Let’s state the obvious … it’s been a hotter than average summer. And drier. At the barn this means a smaller hay crop (boo!) and a larger crop of flies (double boo!)
Horse flies, barn flies, deer flies, mosquitoes, wasps … you get the picture … thrive in the uncomfortable conditions we’re experiencing. Horses and humans alike must endeavour to survive them.
The manager at the barn where Bear is a long-term resident has a pest control regimen, every day spraying a safe insecticide over mounds of horse manure (where the blighters like to breed). This is in an effort to put a crimp in their reproductive cycle. And it reduces the population somewhat, but not enough to knock them out completely. This leaves me wondering what it would be like if he didn’t spray at all!
Perish the thought!
One day a couple of weeks ago, as I was hand grazing Bear after bathing him, a massive horse fly the size of a silver dollar landed on the top of his rump. Bear could feel that sucker but no amount of tail swishing or foot stomping could dislodge the winged fiend. He became very agitated so it became my task to rescue him without, I might add, giving him anything else to be upset about.
It took a couple of strategically-placed swats, but I finally got the rascal and Bear, feeling greatly relieved, went back to grazing.
Occasionally the airborne blighters turn their radar on me. When pillaging horseflesh just isn’t enough they’ll sink their proverbial teeth into some soft part of my person and remove a nice bite-size chunk or syphon a ration of blood. Somehow they know I have no defences. Perhaps it’s payback for my shooing them away from Bear all the time. Somehow I wouldn’t put it past them.
But really, the defence against flies is limited at best.
There’s the aforementioned spray of the manure piles to curtail reproduction. A daily spray of citronella fly repellant all over Bear’s body can help to keep the pests at bay, and a fly mask keeps them out of his eyes. He usually doubles his defence with a generous roll in the dirt pile out in the paddock. Truthfully, his way is probably the most effective … and least expensive … but as his de facto mother I feel compelled to try at least to rescue him from the voracious fly population.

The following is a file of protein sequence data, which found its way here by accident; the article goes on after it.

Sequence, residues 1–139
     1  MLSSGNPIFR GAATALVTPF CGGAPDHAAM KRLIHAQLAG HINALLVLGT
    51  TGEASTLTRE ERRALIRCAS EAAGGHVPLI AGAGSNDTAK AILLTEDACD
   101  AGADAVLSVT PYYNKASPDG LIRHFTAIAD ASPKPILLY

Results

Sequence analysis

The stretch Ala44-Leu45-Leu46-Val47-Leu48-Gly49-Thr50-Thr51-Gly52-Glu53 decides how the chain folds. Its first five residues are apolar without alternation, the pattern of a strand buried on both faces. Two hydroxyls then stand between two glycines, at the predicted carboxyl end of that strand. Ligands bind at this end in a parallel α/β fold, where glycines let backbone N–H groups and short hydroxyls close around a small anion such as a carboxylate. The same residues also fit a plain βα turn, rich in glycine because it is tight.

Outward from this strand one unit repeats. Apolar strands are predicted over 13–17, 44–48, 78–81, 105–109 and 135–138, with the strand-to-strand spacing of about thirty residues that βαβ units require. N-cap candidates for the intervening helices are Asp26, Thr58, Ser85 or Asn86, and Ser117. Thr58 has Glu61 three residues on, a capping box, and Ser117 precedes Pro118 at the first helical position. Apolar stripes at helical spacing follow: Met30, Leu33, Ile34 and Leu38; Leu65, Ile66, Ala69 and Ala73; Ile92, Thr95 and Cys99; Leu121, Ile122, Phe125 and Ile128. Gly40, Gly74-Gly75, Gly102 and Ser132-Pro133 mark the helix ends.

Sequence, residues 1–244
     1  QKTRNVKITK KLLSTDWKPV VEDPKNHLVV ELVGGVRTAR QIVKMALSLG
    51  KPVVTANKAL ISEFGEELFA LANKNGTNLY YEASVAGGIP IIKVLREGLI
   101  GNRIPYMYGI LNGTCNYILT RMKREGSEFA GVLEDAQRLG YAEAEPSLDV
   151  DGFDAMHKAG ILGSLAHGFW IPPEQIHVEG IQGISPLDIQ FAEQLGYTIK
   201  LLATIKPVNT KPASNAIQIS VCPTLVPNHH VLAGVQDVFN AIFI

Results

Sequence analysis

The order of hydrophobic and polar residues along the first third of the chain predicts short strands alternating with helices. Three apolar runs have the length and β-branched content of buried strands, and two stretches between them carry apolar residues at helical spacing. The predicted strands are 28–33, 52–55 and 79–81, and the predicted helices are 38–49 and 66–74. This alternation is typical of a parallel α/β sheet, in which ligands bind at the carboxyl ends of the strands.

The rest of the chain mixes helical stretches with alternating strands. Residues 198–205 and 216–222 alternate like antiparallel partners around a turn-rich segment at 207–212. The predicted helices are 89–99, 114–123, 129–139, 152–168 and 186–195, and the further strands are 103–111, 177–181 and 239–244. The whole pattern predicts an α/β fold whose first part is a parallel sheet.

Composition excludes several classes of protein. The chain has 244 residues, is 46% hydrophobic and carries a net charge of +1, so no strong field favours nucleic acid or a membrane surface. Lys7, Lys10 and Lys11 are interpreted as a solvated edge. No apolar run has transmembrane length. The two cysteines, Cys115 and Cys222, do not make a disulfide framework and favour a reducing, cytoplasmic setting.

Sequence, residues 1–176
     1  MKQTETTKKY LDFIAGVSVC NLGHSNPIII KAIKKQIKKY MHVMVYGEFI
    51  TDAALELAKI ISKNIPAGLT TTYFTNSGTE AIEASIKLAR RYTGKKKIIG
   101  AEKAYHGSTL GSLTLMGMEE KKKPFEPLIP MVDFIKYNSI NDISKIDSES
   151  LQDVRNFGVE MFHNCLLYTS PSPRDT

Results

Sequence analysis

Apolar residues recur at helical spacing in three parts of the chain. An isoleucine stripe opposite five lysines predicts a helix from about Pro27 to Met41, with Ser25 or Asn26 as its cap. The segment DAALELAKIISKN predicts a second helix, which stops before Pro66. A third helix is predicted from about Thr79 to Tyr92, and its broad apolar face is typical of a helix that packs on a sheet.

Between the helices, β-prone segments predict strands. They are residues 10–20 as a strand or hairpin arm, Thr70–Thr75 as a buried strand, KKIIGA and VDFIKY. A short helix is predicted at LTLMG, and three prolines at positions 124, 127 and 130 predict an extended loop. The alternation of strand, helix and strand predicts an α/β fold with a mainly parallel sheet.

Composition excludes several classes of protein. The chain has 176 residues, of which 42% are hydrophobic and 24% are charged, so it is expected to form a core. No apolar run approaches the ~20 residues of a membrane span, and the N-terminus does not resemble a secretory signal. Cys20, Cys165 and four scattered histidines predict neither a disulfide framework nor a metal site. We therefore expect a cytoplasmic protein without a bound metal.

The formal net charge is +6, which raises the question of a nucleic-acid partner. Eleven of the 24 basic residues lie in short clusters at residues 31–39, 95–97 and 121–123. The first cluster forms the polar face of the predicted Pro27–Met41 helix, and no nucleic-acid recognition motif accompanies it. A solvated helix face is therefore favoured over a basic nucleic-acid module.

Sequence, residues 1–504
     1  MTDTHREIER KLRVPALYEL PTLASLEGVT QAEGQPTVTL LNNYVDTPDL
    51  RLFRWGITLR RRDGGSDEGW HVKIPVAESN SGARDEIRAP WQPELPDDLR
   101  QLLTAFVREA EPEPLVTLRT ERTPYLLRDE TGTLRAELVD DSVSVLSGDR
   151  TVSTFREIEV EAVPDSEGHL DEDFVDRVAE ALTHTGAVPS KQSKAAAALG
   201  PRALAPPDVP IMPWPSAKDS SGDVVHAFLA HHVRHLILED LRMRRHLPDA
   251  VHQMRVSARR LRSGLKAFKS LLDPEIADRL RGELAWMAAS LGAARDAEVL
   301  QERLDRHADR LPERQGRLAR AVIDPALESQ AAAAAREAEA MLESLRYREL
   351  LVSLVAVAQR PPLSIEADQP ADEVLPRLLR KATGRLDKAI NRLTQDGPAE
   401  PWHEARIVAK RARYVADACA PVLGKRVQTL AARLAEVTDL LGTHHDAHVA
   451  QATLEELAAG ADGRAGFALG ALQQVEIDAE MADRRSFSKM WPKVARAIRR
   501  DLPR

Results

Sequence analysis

So, oh Lord, the flies, is right … and it doesn’t end until the wasps are finally dormant come the fall.
Oh well …
On a brighter note you may recall that about 10 weeks ago I had to have my other old cat, Princess, euthanized because of kidney disease. It was a sad time, to be sure. That, along with a family member’s attempted suicide, sent me reeling for a while, which is the reason for my limited creativity and extended break from blogging.
Well, a few days after returning from Calgary in early June I adopted two seven-week-old kittens, boys, who, along with their two sisters, had been abandoned in a card board box (why do people do this?) on the side of a major road not far from where I live. They’d been rescued by woman from a nearby barn and I found out about the kittens through my veterinarian’s office.
Their names are Jasper (Jj) and Indiana Jones (Indy) and already they’ve brought so much joy into my life. A lovely animated distraction during a difficult time, they’ve really settled right in and become part of the family. They adore the collies and greet us at the door just as if they themselves were dogs. They’re so funny.
They are one little part of a welcome silver lining and I feel incredibly blessed.
Thanks for visiting.
Nurture what you love …
Copyright Aimwell Enterprises, 2012